6 Simple Things You Can Do to Listen Better

6 Simple Things You Can Do to Listen Better

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7 Simple Things You Can Do to Listen Better

People need to be heard. I don’t care if you’ve got your degree at Harvard or you’ve never picked up a book in your life. We all have value. That’s why I think it is so great to talk about how we can listen to eachother better. Someday I will write a book about the power of listening, but for today I want to share with you 6 simple things you can do to listen better.

  1. Understand the Why

When I decided to study counseling/ psychology, I thought I would be a fantastic therapist. I legitimately thought I had all the answers. However, this is exactly the opposite of what makes counseling helpful. Dr. Leaf is an amazing therapist who writes on the subject of depression, suicide and loneliness. Her biggest solution to the issue of loneliness is listening. She says, “Take the time to listen to people’s stories. Everyone has a unique story and something to share—something you can learn from! Be sure not to just hear, but try to listen to people without judgement.” The first way to listen better is to understand the why behind hearing a person out – You could be saving a life.

2. Repeat Back What the Person is Saying

Somedays, especially when I wake up really early for my job, I have a hard time focusing on what a person is saying. This happens to me with my husband all the time. He will say something and it will go in one ear and out the other. When this starts to happen, I have trained myself to repeat back what the person is saying. It feels like a game. How well can you summarize what the other person in front of you is saying. The person you are listening to will feel heard and listened to.

3. Put down the phone. 

This is all we have to say here. Distracted listening is not listening. John and I went bowling on the day of our anniversary. He politely asked me to put my phone down because he wanted to have conversations with me. So cute! Yes, babe I can put my phone down for you. <3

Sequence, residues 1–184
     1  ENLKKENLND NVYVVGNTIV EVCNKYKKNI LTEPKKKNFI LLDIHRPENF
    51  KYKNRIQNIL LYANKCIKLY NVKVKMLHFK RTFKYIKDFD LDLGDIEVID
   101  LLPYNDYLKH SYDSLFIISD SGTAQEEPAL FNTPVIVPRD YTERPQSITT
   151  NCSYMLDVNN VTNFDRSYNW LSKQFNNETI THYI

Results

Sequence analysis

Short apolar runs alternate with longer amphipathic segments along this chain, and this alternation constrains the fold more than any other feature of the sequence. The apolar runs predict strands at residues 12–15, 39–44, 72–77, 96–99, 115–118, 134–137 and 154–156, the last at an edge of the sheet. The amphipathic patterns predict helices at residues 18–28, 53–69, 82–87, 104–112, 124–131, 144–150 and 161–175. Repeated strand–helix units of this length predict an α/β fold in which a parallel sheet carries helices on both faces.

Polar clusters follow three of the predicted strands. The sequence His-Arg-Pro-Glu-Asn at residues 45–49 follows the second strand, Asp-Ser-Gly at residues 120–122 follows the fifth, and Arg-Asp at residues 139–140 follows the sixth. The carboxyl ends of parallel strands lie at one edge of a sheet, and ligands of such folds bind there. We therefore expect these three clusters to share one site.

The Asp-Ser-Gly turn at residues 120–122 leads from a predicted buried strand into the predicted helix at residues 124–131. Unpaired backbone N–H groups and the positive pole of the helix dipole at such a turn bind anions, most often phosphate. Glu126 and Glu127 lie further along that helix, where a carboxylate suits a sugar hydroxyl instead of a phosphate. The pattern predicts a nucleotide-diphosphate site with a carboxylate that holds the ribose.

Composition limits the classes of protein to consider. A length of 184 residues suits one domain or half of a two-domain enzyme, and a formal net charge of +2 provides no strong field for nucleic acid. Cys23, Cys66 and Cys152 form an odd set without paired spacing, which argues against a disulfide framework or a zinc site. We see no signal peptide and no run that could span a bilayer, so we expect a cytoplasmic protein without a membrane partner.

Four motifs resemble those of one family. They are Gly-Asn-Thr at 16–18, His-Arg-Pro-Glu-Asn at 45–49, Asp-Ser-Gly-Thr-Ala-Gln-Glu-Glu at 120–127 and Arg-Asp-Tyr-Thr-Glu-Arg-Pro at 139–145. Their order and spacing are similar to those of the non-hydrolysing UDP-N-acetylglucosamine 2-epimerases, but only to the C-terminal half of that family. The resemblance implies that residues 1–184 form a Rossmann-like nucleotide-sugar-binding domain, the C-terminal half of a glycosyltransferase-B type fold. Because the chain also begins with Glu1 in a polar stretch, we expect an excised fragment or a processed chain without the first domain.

4. Look someone in the eye.

This small thing creates trust. Looking a person straight in the eyes will help you pick up on nonverbal messages a person may be sending.

5. Wait until they are done talking.

Actually pause before you decide to keep the conversation moving. Let a person breath. If you are constantly interrupting you are sending messages that you don’t care or that what you have to say is better or more important than what they have to say.

6. Ask Questions 

I love this because good questions are not accusatory. Good questions are investigating. It is so much harder than you would think. Have you ever spent a ton of time with a person who you had good conversations with? Or you felt filled and energized when you walked away from a conversation? This is probably because THAT person is good at asking YOU questions. I don’t know about you, but I WANT to be that person. I am nowhere near being that person, but the way to get there is evaluate how much time you are talking about yourself vs. how many questions you are asking. Questions are the best way to make someone feel known and loved. 

If you want to have better interactions with the person who is hard to get along with at work, if you want to show your significant other you care, if you want to be a better friend… listen. Listening to a person allows will show they are cared about, important, valued, loved, respected, and understood. Who knows, by listening you could save a life. 

Hannah Lynn Miller
Hannah Lynn Miller

Hannah is a radio/podcast host, blogger, fashion-obsessed, mental health counselor in training and Bible teacher. Subscribe for daily inspiration.

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